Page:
Evaluating Research Capacity Development: The National Science Foundation's Experimental Program to Stimulate Competitive Research (EPSCoR)

Session Number: 616
Track: Research, Technology & Development Evaluation
Session Type: Panel
Session Chair: Brian Zuckerman [Science and Technology Policy Institute]
Discussant: Gretchen B Jordan [360 Innovation LLC]
Presenter 1: Brian Zuckerman [Science and Technology Policy Institute]
Presenter 2: Thomas W Jones [IDA Science and Technology Policy Institute]
Presenter 3: Brian Zuckerman [Science and Technology Policy Institute]
Presenter 4: Rachel A. Parker [U.S. Agency for International Development]
Time: Oct 17, 2014 (08:00 AM - 09:30 AM)
Room: Mineral A

Level: None
Abstract 1 Title: Session Overview: EPSCoR Origins and Evaluation Methods
Presentation Abstract 1: This paper presents background regarding the NSF EPSCoR program itself, including a synopsis of the program's legislative authorization, goals, and descriptive statistics regarding eligibility and participating jurisdictions. The EPSCoR program logic model is presented, identifying the legislatively-mandated goals --- increasing the competitiveness of investigators for NSF and other Federal funding and increasing participating jurisdictions' science and engineering research bases -- and the program's theory of action to reach those goals. The paper concludes by providing an overview of the methods that were used to conduct the evaluation.
Abstract 2 Title: Increasing Competitiveness of Investigators: Quantitative Approaches
Presentation Abstract 2: This paper describes two quantitative analyses conducted for the purpose of identifying EPSCoR impact on capacity development defined with respect to funding competitiveness. The first analysis used NSF awards and proposal data to compare the number of proposals submitted per investigator, success rates, award sizes, and awards per funded investigator for EPSCoR and non-EPSCoR jurisdictions. This comparison, by disaggregating the determinants of funding levels, identified the particular drivers of funding levels where EPSCoR and non-EPSCoR jurisdictions differ, and suggested hypotheses regarding EPSCoR impact. The second analysis used NSF awards data to conduct a time-series analysis of changes in funding levels in EPSCoR and non-EPSCoR jurisdictions, assessing the statistical significance of EPSCoR-related variables (years in program, number of EPSCoR-funded awards received).
Abstract 3 Title: Concentration Modeling
Presentation Abstract 3: The NSF Organic Act states that NSF should "... strengthen science and engineering research potential and education at all levels throughout the United States; and avoid undue concentration of such research and development." The NSF Organic Act, however, does not define "undue concentration". This paper describes techniques drawn from the economics literature that have only rarely been used for evaluation purposes (e.g., Halfmann and Leyesdorff 2010) for the purpose of computing measures of concentration of NSF funding across jurisdictions and examining correlations over time between levels of concentration and participation in the EPSCoR program. The paper concludes by describing simulations of how changes in programmatic approaches might influence the concentration of NSF funding.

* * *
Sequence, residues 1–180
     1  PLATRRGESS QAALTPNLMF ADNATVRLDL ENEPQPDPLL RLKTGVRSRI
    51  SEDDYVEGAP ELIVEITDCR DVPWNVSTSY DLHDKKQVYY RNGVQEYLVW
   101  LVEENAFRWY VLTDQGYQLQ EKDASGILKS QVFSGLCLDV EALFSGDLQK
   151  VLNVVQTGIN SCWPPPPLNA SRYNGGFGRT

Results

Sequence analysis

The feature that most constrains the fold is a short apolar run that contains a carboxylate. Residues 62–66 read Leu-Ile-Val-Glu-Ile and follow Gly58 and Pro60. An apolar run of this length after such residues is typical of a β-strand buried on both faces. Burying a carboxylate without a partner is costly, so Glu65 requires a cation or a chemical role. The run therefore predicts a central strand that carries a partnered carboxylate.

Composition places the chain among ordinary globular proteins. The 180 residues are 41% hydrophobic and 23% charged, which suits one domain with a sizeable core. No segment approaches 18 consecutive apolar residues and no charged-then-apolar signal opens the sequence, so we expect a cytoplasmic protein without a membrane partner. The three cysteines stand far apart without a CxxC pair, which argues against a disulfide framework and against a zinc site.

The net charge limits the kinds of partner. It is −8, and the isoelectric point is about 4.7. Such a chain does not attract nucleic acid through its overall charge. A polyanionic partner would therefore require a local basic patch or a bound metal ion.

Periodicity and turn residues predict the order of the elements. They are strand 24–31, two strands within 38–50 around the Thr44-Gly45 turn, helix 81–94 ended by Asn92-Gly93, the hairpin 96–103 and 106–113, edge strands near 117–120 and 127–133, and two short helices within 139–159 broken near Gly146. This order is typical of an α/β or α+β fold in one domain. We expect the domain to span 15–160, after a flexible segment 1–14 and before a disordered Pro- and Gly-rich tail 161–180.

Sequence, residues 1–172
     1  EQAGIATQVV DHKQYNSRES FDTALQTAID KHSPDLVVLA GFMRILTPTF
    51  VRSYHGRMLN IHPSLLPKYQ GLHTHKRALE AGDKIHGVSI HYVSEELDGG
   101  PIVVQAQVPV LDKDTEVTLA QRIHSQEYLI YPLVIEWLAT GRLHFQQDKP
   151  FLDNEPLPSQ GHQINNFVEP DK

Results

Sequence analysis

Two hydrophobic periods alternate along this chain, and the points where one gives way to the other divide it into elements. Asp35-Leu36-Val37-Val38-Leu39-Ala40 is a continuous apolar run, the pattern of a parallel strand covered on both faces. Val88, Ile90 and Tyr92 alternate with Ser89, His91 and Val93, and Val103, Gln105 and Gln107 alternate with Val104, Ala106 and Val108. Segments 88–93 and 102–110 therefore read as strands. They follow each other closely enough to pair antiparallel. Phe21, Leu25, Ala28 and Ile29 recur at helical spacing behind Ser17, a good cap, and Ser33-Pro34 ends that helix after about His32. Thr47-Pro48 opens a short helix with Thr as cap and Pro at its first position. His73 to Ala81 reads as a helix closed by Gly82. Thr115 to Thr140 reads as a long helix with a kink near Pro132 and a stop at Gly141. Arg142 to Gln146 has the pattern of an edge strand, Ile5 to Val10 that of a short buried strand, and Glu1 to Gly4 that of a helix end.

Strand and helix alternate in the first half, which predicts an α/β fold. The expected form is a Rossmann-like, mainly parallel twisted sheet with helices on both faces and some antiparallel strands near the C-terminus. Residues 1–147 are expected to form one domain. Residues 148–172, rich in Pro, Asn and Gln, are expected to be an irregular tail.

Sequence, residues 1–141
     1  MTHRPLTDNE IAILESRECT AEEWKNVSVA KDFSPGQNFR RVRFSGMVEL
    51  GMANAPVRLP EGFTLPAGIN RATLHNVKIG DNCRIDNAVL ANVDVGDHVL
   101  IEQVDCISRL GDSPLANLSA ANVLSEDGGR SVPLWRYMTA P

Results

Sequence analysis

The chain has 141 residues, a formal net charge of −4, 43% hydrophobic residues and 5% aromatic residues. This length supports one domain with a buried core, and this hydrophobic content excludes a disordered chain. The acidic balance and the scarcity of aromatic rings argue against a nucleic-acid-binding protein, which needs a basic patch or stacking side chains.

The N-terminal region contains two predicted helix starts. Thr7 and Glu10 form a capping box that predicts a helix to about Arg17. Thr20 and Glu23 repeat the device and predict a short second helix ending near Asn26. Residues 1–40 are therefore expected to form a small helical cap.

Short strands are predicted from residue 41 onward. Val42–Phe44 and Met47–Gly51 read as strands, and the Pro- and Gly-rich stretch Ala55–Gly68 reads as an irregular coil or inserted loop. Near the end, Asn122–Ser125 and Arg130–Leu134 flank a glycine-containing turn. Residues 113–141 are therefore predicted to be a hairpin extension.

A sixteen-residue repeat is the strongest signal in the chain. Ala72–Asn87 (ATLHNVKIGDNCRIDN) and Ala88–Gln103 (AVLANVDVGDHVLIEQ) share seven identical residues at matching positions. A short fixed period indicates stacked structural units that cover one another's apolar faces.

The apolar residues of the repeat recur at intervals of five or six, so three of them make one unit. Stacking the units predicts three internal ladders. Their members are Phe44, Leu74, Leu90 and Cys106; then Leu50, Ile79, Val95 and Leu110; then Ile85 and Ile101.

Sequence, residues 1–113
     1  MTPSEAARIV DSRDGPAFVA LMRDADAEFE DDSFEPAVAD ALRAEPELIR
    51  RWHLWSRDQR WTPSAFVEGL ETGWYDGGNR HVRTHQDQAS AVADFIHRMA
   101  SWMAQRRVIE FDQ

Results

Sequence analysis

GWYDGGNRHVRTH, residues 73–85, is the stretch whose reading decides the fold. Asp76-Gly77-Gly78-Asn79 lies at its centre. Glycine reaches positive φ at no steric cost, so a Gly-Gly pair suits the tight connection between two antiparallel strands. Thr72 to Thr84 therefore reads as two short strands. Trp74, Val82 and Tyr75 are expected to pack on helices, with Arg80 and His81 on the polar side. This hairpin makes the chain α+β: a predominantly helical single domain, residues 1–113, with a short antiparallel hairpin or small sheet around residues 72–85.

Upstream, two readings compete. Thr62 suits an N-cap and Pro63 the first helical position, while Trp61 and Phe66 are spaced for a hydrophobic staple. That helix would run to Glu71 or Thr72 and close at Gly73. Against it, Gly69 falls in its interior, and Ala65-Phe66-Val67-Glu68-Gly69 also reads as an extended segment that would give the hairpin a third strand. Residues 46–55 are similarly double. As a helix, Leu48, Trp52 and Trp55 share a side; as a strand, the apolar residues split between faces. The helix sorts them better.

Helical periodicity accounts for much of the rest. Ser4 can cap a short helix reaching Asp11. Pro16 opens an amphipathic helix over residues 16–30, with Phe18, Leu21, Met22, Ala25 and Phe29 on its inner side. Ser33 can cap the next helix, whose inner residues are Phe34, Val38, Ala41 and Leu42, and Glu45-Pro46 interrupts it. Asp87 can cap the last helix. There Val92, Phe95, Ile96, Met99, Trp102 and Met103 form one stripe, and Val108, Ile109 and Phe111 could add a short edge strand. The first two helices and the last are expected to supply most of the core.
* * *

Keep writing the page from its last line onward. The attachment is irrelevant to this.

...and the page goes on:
Abstract 4 Title: Qualitative Approaches to Identifying Increased Research Competitiveness and Improved Science and Engineering Research Bases
Presentation Abstract 4: As the EPSCoR evaluation was a life-of-program assessment, STPI needed to collect and analyze data from more than years' worth of program documentation, including solicitations, proposals, and annual reports. This paper describes the coding approach taken and its implementation using the software package nVivo, focusing on EPSCoR education, outreach, and diversity (E/O/D) activities, institution-building activities, and innovation-promoting activities. The paper also describes the design and implementation of a survey of EPSCoR jurisdictions to collect quantifiable as well as qualitative data regarding program activities, outputs, and outcomes. The paper describes approaches taken to assess capacity development with respect both to competitiveness for funding and states' science and engineering research bases.
Other Authors: Brian Rieksts
IDA Science and Technology Policy Institute

Session Abstract: 

The NSF Act of 1950 stated that "it shall be an objective of the Foundation to strengthen research and education in the sciences and engineering, including independent research by individuals, throughout the United States, and to avoid undue concentration of such research and education. Since 1979, NSF has conducted a program intended to stimulate research activity in those parts of the country that have been less able to compete for NSF funds. In 2011, NSF asked the IDA Science and Technology Policy Institute (STPI) to conduct an evaluation of NSF EPSCoR. The objective of this evaluation was to perform an in-depth, life-of-program assessment of NSF EPSCoR activities and these activities' outputs and outcomes, and to provide recommendations for better targeting of available funding to those jurisdictions for which the EPSCoR investment could result in the largest incremental benefit to their research capacity. This panel presents the methodology used to conduct the evaluation.